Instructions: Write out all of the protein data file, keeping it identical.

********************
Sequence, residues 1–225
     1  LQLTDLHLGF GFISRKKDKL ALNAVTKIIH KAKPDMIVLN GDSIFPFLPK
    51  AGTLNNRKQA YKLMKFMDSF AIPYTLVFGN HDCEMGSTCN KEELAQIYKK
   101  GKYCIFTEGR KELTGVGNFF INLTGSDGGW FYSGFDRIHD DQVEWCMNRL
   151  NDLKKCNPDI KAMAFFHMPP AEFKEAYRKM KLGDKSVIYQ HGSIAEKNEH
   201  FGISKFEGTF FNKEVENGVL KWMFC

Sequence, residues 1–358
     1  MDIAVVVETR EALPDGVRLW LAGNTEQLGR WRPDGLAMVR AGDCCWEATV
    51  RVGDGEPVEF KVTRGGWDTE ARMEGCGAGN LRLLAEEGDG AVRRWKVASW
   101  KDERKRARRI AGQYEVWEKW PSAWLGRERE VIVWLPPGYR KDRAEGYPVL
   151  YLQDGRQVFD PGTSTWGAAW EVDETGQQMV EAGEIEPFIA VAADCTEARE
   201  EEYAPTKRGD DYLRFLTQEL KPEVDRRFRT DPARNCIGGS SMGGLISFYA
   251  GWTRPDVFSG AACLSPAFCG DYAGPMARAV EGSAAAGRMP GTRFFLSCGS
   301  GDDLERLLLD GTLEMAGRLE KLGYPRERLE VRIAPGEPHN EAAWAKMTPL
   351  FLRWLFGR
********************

Sequence, residues 1–225
     1  LQLTDLHLGF GFISRKKDKL ALNAVTKIIH KAKPDMIVLN GDSIFPFLPK
    51  AGTLNNRKQA YKLMKFMDSF AIPYTLVFGN HDCEMGSTCN KEELAQIYKK
   101  GKYCIFTEGR KELTGVGNFF INLTGSDGGW FYSGFDRIHD DQVEWCMNRL
   151  NDLKKCNPDI KAMAFFHMPP AEFKEAYRKM KLGDKSVIYQ HGSIAEKNEH
   201  FGISKFEGTF FNKEVENGVL KWMFC

Sequence, residues 1–358
     1  MDIAVVVETR EALPDGVRLW LAGNTEQLGR WRPDGLAMVR AGDCCWEATV
    51  RVGDGEPVEF KVTRGGWDTE ARMEGCGAGN LRLLAEEGDG AVRRWKVASW
   101  KDERKRARRI AGQYEVWEKW PSAWLGRERE VIVWLPPGYR KDRAEGYPVL
   151  YLQDGRQVFD PGTSTWGAAW EVDETGQQMV EAGEIEPFIA VAADCTEARE
   201  EEYAPTKRGD DYLRFLTQEL KPEVDRRFRT DPARNCIGGS SMGGLISFYA
   251  GWTRPDVFSG AACLSPAFCG DYAGPMARAV EGSAAAGRMP GTRFFLSCGS
   301  GDDLERLLLD GTLEMAGRLE KLGYPRERLE VRIAPGEPHN EAAWAKMTPL
   351  FLRWLFGR